(Bloomberg Opinion) -- In a 5-4 decision Monday, the U.S. Supreme Court allowed iPhone users to sue Apple Inc. for being a monopolist when it comes to apps. The fascinating fact about the holding isn’t its legal logic, which was sensible enough, although by no means obvious. Rather, it’s worth noticing that the opinion was written by Justice Brett Kavanaugh — and joined by the court’s four liberals. Four other conservative justices dissented, joining an opinion by Justice Neil Gorsuch.
Before you get excited, this isn’t some magical sign that the conservative Kavanaugh is a closet liberal. But it nevertheless reveals something important about the possible future of antitrust litigation against big technology companies at the Supreme Court.
In general, liberals like antitrust enforcement more than conservatives do. What’s more, it has been mostly liberals who in recent years have been arguing that we need stronger antitrust enforcement to limit the power of the tech companies.
So until now, it would have been reasonable to expect that in any case where the Supreme Court split 5-4 over whether it should be open to antitrust litigation against tech giants like Apple, the split would have followed conservative-liberal lines, and ended up with the conservatives handing victory to the tech companies.
Monday’s decision in Apple v. Pepper shows that isn’t necessarily so. Rather, Kavanaugh is open to breaking ranks with the conservatives when it comes to antitrust.
To grasp the significance, you have to realize that under Supreme Court precedent, the suit against Apple could reasonably have come out either way.
The basic issue was whether iPhone users are the right people to sue the company over the allegation that it’s using its monopoly over its App Store to overcharge consumers. Apple is restrictive about what apps can be sold in the store, and doesn’t allow users to download apps sold elsewhere.
At the level of basic logic, it would make sense to let the iPhone users sue. The Sherman Antitrust Act says that “any person” injured by a monopoly should be able to sue. And if Apple is overcharging for apps, iPhone users are being injured. That’s more or less what Kavanaugh’s opinion says.
Yet there is a Supreme Court precedent, Illinois Brick Company v. Illinois, that interprets antitrust laws to create a limit on who can sue for violations. Specifically, the Illinois Brick case held that you can’t sue someone who overcharged you as a result of monopoly behavior by a third party. (In that case, the state of Illinois was the end purchaser of bricks that had been sold to it by contractors who brought the bricks from the alleged monopolist; the court said the state couldn’t sue the monopolist directly.)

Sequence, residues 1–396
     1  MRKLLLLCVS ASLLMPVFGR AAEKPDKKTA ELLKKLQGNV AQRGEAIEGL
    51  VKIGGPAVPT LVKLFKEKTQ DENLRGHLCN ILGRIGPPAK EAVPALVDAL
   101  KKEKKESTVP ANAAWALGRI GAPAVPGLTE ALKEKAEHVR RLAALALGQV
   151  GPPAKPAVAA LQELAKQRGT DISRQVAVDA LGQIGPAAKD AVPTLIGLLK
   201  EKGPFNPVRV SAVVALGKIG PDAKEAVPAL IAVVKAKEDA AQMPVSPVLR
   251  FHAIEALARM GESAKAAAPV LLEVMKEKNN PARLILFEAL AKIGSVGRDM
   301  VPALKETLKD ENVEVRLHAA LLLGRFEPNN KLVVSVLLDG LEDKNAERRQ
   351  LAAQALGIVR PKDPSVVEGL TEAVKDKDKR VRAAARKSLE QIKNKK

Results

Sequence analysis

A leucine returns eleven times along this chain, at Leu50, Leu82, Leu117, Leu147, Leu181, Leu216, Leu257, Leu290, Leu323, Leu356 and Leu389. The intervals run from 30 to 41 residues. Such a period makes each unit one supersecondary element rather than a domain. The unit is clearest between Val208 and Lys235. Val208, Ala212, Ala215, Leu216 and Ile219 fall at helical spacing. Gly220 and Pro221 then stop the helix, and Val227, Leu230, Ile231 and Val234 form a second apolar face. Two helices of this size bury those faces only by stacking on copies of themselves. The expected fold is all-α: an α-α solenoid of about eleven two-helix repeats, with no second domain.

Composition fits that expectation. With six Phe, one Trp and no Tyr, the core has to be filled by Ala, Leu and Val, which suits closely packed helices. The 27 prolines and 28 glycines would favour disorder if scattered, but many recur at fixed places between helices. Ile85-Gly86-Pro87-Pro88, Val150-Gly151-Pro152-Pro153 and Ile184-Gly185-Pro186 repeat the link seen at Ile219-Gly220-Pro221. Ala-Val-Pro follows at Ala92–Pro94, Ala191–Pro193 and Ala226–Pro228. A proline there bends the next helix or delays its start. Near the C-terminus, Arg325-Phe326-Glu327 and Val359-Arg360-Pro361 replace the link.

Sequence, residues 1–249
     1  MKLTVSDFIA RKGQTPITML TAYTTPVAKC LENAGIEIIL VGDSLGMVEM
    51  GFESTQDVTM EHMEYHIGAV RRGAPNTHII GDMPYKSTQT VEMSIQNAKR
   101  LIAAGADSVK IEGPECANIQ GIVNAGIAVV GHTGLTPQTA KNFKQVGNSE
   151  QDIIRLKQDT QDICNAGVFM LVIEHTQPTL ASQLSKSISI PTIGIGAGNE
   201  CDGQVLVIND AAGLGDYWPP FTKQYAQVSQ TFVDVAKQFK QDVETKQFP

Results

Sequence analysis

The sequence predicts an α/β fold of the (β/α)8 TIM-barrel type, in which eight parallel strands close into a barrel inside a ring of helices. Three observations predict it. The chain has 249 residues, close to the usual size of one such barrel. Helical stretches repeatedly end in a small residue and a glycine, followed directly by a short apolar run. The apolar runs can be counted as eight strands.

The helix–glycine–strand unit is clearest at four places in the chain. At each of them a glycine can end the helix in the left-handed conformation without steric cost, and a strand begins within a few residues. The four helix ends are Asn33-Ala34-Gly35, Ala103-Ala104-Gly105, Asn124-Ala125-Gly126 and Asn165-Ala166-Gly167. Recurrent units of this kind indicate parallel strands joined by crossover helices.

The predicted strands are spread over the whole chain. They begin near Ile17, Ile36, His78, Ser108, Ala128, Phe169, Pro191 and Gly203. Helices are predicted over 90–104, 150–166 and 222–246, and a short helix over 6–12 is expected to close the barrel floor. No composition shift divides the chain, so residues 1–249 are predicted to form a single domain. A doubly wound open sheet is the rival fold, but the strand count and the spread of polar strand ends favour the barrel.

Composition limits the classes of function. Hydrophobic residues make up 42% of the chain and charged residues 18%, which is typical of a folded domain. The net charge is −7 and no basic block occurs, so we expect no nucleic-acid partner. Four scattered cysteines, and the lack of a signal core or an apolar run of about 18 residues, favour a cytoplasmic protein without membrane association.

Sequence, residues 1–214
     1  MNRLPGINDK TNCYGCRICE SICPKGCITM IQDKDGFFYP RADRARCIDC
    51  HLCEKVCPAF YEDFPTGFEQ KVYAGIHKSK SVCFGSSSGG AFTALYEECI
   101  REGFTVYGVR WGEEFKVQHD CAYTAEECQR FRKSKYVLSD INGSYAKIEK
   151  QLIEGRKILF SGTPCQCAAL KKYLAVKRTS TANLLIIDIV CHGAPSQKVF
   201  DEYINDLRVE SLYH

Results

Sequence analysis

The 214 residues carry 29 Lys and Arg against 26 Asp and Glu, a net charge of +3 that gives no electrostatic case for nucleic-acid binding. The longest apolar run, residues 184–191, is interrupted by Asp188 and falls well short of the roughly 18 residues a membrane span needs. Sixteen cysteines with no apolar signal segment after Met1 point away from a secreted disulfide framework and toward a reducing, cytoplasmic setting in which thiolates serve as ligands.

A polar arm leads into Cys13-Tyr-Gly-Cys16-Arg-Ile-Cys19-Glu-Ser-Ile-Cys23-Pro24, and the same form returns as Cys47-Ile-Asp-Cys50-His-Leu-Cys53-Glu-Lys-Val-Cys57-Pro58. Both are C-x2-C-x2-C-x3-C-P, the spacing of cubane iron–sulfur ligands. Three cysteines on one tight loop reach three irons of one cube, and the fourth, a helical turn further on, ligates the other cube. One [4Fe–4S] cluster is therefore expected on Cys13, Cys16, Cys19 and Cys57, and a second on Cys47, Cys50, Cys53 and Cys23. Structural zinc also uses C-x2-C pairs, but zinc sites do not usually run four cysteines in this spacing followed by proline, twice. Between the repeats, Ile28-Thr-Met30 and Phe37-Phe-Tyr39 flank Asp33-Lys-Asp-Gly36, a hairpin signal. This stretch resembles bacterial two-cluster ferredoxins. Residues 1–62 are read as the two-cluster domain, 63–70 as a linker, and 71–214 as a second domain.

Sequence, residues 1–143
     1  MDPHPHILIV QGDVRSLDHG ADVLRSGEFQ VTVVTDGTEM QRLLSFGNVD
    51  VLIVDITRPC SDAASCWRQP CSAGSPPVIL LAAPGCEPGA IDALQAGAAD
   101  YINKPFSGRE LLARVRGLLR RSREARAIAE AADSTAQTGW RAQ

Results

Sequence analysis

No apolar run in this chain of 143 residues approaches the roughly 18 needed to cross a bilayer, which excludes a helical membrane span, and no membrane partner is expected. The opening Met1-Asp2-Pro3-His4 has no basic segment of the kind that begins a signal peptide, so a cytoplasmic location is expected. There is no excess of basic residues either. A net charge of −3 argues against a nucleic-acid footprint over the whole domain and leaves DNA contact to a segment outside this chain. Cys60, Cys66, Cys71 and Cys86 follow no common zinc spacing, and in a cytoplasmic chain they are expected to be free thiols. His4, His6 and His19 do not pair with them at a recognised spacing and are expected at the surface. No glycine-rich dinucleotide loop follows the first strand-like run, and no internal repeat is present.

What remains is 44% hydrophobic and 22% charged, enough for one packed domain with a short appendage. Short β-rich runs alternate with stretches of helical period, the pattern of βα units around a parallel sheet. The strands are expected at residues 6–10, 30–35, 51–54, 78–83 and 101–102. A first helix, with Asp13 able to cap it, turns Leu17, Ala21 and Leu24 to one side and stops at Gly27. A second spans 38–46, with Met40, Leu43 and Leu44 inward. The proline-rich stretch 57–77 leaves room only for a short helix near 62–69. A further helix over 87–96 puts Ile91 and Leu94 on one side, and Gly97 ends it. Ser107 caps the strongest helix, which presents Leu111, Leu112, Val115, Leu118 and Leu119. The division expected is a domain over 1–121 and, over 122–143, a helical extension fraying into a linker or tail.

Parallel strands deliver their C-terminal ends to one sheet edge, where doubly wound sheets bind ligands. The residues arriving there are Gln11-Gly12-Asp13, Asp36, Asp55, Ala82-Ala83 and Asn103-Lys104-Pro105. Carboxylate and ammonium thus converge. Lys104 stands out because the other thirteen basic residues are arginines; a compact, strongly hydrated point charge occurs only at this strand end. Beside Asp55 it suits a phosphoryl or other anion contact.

As Gorsuch argued in his dissent, the situation of the iPhone users is practically speaking much like that of the state that couldn’t sue the brick monopolist in the Illinois Brick case. The iPhone users, Gorsuch reasoned, bought their apps from the app makers, not from Apple. The app makers, not Apple, set the price of apps — Apple just collects the money and takes a 30% commission. (It also requires all app prices to end in $.99. Who noticed? Not me.) Thus, ran Gorsuch’s reasoning, the iPhone users could sue the app makers, but not Apple.
If none of this sounds very ideological to you, that’s because on the surface, it isn’t. The underlying ideological issue is how difficult or easy the court should make it to sue Apple.
And that’s why Kavanaugh’s surprise vote matters going forward. His vote signals that in potential future cases, he won’t reflexively go with the conservative impulse to make it harder to sue big companies over antitrust issues.
In other words, if you are trying to calculate the overall risk of major successful antitrust suits against big tech companies, Kavanaugh’s vote should change your priors. It’s new information of potential value.
What’s Kavanaugh’s motive? One possibility is that he is becoming a mild skeptic of big tech. Lots of conservatives who aren’t crazy about antitrust laws are nevertheless getting worried about big tech companies, whom they perceive as politically liberal.
Another possibility is that Kavanaugh saw a good opportunity to join the liberals and begin the long slow process of rehabilitating himself in the eyes of mainstream Supreme Court watchers, all without alienating the conservative base.
In any case, there was nothing necessary about Kavanaugh’s decision here — and that’s what makes it meaningful.
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Noah Feldman is a Bloomberg Opinion columnist. He is a professor of law at Harvard University and was a clerk to U.S. Supreme Court Justice David Souter. His books include “The Three Lives of James Madison: Genius, Partisan, President.”
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